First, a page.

Ladouceur's Drawings Disturb

Jeff Ladouceur

Safety Village

At the Atelier Gallery until December 18

Victoria-born cartoonist Jeff Ladouceur works exclusively in one medium--black ink over graphite (with occasional corrections in White Out)--and in one key: mordant gloom. From these limited means, Ladouceur makes small, memorable drawings--about subjects like depression, self-mutilation, the injuries the unhappy inflict on themselves and everyone around them--that are all the more arresting for their modesty.

Ladouceur's medium isn't really news in and of itself. Hundreds of cartoonists are now exhibiting their work in a fine-art context, everyone from seasoned pros like Robert Crumb and Lynda Barry to Winnipeg's Marcel Dzama and Vancouver's Marc Bell and Jason McLean. Ladouceur's drawings stand out from this crowded field. There are no splashy colours, no messy handwritten phrases, and no kitsch symbols like dolls, robots, ninja assassins, or bears. Instead, there are thin, cautious ink lines that resemble the tracks of a skier descending a steep and potentially deadly slope. There is also a real sense of menace to Ladouceur's drawings, one totally absent from the work of better-known contemporaries such as Dzama.

A Dzama drawing of a giant robot chasing a naked girl or of bears menacing cowboys is many things, but frightening isn't one of them. Dzama's drawings hint at evil, but they never crank the menace implicit in their subjects up to full bore. We sense that once we look away, the bears and robots and cowboys and naked girls will be swapping jokes in the cafeteria lunch line.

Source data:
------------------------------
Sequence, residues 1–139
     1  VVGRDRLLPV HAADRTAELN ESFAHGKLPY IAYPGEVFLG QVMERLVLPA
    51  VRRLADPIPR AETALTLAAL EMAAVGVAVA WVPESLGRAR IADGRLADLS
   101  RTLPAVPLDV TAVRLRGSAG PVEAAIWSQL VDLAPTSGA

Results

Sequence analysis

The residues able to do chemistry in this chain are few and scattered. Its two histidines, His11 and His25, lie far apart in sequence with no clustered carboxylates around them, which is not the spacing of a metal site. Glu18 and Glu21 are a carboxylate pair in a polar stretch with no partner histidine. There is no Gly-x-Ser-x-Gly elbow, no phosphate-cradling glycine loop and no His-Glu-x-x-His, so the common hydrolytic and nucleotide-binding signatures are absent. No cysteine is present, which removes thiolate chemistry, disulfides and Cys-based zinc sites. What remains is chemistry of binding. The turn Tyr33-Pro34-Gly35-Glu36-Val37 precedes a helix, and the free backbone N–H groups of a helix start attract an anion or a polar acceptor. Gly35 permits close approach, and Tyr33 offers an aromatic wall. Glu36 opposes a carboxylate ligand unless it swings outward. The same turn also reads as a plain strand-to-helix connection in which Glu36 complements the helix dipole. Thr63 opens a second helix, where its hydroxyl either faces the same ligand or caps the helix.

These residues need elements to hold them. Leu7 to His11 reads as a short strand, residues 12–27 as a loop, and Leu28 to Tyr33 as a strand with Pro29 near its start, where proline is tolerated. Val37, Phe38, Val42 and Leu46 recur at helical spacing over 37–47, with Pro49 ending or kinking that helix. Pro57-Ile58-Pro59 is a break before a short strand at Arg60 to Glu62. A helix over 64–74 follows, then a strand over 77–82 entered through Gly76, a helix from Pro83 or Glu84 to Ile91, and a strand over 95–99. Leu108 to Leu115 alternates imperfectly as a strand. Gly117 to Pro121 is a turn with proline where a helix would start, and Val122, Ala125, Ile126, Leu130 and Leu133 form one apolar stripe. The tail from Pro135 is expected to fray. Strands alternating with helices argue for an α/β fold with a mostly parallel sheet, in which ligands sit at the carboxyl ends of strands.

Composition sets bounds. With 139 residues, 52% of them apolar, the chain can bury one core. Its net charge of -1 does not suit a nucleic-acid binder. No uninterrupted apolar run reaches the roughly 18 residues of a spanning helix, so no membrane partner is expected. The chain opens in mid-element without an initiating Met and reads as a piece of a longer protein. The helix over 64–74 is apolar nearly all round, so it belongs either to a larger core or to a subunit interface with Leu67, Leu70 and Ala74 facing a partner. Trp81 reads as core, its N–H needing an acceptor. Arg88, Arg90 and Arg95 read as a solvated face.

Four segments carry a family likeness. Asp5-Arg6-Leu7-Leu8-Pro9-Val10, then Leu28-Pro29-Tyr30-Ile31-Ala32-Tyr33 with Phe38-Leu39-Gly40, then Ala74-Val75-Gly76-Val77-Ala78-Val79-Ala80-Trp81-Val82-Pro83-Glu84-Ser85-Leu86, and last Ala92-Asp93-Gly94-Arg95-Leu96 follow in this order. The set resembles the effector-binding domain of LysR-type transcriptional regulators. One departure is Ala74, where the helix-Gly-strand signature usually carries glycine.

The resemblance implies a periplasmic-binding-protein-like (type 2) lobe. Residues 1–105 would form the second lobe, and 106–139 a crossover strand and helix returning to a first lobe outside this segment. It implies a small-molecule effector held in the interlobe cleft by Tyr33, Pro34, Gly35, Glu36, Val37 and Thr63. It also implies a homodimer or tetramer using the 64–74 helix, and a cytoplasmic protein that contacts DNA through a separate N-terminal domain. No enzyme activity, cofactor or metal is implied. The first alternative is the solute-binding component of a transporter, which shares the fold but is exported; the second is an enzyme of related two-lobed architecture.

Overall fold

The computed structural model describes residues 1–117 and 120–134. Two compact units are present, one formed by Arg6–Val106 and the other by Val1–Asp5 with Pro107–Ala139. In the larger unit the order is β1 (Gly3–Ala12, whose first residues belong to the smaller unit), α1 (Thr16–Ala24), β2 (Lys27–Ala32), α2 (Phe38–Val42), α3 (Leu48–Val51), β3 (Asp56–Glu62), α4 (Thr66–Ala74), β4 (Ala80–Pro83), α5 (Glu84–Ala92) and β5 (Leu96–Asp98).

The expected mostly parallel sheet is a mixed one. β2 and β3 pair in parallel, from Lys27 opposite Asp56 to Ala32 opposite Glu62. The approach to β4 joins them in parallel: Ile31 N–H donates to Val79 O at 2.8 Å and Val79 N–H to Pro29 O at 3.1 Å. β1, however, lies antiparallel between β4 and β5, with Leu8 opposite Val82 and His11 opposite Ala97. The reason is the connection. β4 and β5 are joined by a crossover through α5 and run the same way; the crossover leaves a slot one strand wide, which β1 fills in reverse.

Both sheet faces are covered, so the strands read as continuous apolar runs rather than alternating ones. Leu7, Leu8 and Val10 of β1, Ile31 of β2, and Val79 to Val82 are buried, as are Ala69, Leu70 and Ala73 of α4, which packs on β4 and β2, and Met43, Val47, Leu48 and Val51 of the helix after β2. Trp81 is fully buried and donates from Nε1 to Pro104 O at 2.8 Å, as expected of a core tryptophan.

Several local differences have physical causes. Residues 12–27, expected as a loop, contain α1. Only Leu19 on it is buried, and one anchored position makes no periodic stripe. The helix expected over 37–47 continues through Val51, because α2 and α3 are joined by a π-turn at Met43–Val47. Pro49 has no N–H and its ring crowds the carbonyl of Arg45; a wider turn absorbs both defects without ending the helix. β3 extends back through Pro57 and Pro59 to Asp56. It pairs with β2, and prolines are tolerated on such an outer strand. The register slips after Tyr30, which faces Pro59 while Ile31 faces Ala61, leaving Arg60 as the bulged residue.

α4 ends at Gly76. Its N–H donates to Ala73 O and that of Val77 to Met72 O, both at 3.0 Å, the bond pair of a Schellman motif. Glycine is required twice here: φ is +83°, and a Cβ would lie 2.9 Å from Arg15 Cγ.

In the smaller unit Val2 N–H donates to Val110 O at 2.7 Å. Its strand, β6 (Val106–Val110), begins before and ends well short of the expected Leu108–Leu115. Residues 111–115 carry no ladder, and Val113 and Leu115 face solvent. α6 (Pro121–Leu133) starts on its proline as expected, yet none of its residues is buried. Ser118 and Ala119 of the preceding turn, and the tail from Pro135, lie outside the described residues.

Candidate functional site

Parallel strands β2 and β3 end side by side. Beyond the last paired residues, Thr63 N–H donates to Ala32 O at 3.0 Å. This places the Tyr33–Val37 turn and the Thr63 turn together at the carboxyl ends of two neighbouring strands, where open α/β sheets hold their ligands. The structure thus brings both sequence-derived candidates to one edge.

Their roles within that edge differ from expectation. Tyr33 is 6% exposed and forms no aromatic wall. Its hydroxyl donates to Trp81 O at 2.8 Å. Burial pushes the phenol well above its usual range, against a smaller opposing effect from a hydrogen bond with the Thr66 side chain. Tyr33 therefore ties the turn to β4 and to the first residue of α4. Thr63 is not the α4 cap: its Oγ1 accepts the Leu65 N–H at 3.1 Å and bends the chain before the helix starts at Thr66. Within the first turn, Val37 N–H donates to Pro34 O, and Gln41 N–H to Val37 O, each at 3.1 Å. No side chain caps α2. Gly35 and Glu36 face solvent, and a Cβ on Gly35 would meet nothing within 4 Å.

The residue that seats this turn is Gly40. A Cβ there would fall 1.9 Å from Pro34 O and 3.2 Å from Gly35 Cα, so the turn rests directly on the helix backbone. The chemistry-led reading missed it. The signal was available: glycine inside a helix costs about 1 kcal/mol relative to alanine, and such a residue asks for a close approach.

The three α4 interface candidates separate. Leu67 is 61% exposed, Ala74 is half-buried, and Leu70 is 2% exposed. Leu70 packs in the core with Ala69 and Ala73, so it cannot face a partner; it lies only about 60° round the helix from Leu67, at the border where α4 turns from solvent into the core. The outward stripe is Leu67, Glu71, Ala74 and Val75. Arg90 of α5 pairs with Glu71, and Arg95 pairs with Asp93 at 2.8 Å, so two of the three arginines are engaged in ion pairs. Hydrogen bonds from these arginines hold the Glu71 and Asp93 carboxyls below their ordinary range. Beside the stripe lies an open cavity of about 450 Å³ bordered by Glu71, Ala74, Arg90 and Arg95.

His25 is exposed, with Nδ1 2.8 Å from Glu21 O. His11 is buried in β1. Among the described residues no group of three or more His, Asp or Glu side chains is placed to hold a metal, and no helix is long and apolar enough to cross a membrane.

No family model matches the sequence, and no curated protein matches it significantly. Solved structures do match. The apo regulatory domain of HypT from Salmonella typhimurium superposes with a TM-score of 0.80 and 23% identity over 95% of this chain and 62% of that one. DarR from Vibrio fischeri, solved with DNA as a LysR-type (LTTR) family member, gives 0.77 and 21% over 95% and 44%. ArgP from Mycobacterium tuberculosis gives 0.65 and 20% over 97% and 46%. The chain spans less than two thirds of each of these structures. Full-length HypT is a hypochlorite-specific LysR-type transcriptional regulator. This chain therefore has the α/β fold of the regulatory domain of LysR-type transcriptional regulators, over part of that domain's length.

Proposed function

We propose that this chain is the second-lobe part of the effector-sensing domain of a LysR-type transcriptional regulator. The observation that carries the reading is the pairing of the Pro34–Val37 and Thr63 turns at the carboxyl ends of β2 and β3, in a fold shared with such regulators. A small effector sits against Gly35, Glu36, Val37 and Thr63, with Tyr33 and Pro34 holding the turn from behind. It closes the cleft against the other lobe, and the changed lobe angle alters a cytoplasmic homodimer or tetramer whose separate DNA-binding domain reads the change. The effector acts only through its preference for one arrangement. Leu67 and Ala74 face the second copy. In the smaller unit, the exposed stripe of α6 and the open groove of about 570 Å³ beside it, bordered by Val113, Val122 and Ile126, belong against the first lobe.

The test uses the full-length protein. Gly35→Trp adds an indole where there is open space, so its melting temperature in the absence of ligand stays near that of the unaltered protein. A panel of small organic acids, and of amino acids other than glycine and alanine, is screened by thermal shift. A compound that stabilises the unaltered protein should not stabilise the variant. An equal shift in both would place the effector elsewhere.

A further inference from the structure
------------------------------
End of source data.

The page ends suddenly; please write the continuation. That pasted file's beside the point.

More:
Ladouceur's drawings are far less reassuring. Here are a few of his subjects: An octopus slashing itself open with a straight razor. Endless processions of fat, little, round-headed men--Ladouceur calls them "schmoes"--with clown shoes and patched pants, whose pudgy faces, curved noses, and jowls suggest a caricature of former U.S. president Lyndon Johnson, or a cruel portrait of a hydrocephalic child. A schmo in a rowboat whose oars have carved gaping wounds in the heads of the waves he floats on. Miniature baby elephants, trickling like blood from a sleeping toddler's nose. There are many others.

I take two things away from Ladouceur's drawings. First, they are parts of a larger mythology. Nothing in them exists in a vacuum; everything, including inanimate things like signs and waves, is alive and busy changing into something else. Ladouceur, in his own secular, slyly ironic way, puts me in mind of the best Northwest Coast art, such as Douglas Cranmer's more abstract paintings, or Lawrence Paul Yuxweluptun's blighted biomorphic landscapes. Like Ladouceur, these artists understand landscape as nothing more than a collection of frenzied, interlocking figures.

Second, Ladouceur is purposeful. He points out some pretty unpalatable truths to those of us unlucky enough to spend most of the time depressed. Relationships are awful. (One memorable drawing depicts a couple whose heads are little linked thunderclouds.) You can hurt people just by being near them (that guy in the rowboat again!). Social structures inflict their own damage but are better than the alternatives. (A cartoon cloud is held together by boards nailed onto its body.) Ladouceur's best drawings make you wince and laugh simultaneously. Though fantastic, they are a lot like life.